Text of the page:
Are You Having to Repay Part of Your Obamacare Subsidy and Don’t Know Why?
Premium Tax Credit Explained
Almost everyone is required to be insured or pay a penalty as part of Obamacare. Unfortunately, this created a substantial financial burden for lower-income families. So, in order to alleviate this situation, Obamacare included a subsidy, referred to as the premium tax credit (PTC), to help them pay the cost of the insurance which is based on family size, household income in relationship to the federal poverty.
Basis for The Tax Credit & Advance Premium Tax Credit
The primary variable in determining the actual credit is the family’s household income, so the exact amount of the PTC cannot be determined until after the close of the tax year. Providing the credit after the fact on the tax return for the year does not help families to pay their premiums during the year, so to alleviate that problem, Obamacare allows families to estimate their family income when they apply for their insurance and the government insurance marketplaces will estimate the PTC and allow it as a subsidy in advance. That subsidy is called the advance premium tax credit (APTC) and reduces the amount of the insurance premiums that the family must pay during the year.
The actual household income is known when the tax return for the year is prepared and the actual PTC to which the family is entitled is determined. If the PTC is greater than the APTC, then the difference is credited on the tax return. However, if the APTC – the subsidy paid in advance – is greater than the actual PTC the family is entitled to, then the difference must be repaid.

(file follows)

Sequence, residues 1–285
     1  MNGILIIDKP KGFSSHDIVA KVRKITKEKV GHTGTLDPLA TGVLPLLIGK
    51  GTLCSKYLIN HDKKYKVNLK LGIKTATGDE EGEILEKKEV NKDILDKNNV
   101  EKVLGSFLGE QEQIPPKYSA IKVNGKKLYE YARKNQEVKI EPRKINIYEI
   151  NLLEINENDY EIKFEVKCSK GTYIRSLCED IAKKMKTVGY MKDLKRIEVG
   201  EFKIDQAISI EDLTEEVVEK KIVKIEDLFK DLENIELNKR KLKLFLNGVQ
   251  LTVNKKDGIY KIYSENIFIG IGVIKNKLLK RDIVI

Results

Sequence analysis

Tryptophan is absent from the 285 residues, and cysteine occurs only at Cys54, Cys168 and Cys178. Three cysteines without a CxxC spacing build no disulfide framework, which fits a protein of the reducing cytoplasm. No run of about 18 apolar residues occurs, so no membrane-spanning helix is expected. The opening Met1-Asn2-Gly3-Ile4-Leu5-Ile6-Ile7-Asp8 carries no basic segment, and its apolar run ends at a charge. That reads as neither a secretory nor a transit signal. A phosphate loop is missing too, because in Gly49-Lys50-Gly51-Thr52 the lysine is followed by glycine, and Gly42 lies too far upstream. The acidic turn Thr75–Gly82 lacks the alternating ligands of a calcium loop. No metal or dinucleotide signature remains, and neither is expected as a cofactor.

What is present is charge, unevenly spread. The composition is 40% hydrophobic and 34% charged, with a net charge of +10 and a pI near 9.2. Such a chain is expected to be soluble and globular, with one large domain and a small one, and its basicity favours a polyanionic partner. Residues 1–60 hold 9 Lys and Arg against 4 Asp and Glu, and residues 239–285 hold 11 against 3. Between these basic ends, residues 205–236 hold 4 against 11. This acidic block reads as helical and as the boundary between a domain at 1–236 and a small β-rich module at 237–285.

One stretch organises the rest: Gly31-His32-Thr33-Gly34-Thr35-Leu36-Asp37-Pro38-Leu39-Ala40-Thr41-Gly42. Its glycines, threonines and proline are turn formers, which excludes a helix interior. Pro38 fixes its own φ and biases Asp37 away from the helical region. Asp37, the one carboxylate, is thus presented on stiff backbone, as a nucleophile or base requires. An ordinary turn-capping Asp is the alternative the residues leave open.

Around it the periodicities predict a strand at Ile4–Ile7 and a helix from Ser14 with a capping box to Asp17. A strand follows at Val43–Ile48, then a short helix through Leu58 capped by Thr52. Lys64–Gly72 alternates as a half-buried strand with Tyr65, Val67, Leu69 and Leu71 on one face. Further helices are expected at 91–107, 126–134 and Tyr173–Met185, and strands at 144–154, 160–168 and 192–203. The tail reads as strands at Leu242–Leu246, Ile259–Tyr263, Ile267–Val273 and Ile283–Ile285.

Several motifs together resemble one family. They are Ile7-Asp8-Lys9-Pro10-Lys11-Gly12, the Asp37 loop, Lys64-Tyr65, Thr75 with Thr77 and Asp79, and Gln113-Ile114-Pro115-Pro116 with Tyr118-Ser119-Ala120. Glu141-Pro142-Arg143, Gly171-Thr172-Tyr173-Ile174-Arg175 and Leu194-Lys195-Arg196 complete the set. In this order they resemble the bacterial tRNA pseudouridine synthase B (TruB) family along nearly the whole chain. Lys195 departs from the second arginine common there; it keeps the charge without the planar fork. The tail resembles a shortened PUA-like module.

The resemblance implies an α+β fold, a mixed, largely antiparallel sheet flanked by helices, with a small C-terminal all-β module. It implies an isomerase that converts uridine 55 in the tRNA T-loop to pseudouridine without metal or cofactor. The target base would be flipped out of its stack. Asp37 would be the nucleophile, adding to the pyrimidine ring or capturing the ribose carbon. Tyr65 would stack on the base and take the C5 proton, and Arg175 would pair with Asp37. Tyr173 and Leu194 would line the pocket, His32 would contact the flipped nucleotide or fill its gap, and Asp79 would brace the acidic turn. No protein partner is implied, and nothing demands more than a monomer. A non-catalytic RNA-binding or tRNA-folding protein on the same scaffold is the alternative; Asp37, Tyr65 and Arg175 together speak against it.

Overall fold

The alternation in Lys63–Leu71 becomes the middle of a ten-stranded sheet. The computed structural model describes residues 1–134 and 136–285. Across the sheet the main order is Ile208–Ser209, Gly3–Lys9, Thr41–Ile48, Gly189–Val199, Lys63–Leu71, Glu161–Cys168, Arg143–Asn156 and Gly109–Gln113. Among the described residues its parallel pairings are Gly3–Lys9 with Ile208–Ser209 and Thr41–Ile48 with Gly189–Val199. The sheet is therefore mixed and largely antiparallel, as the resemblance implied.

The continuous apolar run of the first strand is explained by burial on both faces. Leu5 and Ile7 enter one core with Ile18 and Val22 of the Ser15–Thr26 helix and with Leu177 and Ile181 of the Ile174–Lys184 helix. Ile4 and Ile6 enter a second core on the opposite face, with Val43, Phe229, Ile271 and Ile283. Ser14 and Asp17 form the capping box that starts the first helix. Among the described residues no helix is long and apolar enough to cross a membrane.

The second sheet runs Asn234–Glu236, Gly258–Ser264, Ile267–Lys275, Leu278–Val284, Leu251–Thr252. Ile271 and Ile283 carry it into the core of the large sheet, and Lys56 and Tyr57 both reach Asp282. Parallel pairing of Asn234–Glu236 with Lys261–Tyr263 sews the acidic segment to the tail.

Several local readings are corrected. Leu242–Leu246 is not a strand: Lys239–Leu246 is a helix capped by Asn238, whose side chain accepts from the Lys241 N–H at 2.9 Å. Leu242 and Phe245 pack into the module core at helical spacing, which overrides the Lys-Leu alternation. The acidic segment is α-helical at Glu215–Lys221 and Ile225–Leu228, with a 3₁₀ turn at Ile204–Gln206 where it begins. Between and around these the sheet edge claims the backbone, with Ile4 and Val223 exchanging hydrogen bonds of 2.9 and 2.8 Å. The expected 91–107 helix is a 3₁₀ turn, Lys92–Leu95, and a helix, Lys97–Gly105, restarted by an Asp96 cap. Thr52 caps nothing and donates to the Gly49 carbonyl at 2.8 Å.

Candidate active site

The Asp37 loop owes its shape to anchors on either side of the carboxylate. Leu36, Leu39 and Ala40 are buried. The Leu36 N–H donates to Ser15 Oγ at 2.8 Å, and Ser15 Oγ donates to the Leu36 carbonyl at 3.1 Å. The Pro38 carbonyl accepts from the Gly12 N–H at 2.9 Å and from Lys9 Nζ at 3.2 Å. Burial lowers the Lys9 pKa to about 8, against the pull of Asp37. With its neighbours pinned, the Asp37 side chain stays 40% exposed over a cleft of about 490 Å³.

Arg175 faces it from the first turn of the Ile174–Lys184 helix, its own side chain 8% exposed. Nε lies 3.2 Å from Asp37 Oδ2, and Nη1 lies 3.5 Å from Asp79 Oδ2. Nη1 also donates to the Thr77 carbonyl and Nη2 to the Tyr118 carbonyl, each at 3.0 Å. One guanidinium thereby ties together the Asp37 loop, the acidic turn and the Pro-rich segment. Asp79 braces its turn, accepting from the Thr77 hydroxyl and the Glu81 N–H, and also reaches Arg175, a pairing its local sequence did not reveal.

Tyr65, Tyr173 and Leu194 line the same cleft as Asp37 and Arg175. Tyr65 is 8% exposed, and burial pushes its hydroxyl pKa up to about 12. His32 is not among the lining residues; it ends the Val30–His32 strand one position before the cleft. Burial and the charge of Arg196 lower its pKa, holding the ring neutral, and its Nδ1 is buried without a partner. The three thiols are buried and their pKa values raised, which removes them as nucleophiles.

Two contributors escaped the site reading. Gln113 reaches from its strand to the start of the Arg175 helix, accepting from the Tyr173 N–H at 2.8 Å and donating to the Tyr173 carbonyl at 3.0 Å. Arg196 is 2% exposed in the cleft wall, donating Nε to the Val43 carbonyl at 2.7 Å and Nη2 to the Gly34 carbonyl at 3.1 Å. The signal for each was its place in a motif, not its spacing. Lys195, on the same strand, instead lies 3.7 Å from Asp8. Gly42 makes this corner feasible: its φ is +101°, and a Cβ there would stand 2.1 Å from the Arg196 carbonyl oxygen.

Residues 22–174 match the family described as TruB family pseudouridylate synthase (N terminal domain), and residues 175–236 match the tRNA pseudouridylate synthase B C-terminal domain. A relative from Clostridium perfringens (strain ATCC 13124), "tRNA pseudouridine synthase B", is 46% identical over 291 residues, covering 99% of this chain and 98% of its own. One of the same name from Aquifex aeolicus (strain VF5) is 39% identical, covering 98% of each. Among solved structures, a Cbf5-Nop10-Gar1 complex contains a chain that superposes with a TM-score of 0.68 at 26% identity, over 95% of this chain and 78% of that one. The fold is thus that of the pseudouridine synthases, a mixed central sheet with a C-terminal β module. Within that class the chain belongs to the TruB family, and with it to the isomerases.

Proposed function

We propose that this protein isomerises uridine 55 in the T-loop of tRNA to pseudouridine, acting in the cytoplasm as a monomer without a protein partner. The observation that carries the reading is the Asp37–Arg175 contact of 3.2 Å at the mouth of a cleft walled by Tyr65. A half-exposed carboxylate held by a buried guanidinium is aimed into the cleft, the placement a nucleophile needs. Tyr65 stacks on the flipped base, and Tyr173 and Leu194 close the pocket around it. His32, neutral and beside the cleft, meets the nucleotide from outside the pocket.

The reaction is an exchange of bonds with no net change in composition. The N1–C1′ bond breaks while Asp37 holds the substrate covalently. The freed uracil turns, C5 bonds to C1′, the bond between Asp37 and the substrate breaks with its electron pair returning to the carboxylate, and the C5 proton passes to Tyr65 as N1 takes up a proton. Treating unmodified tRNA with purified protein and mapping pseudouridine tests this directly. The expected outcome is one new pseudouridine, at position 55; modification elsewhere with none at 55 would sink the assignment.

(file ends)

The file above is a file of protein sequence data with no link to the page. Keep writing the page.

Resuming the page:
Therefore, if you had to repay some amount of the credit, it was generally due to your household income being underestimated when you signed up for the insurance, thus causing the APTC to be larger than the PTC. This is one of the hazards of estimating your household income in advance because you may receive unexpected income during the year, such as a raise, a bonus, a spouse starting to work, selling some stocks for a gain…the list goes on.
Additionally, there are other reasons for a mismatch between the APTC and PTC. For example –
- If your employer offered you affordable, compliant insurance for any month during the year, then you were not eligible for the PTC that month. (The IRS knows when this occurred based on a report that employers have to file.)
- Other things that can change the PTC include changes in family size created by marriage, divorce, children getting married, deaths, etc.
- Another reason is when a married couple is receiving APTC from the marketplace and files married filing separate (MFS) returns instead of filing jointly. The MFS filing status does not allow them to claim the PTC.
If you keep the insurance marketplace updated on your estimated family income and family size and allowing it to make appropriate adjustments to the APTC you can avoid the repayments.
If you have questions related to the premium tax credit or the repayments, please give this office a call.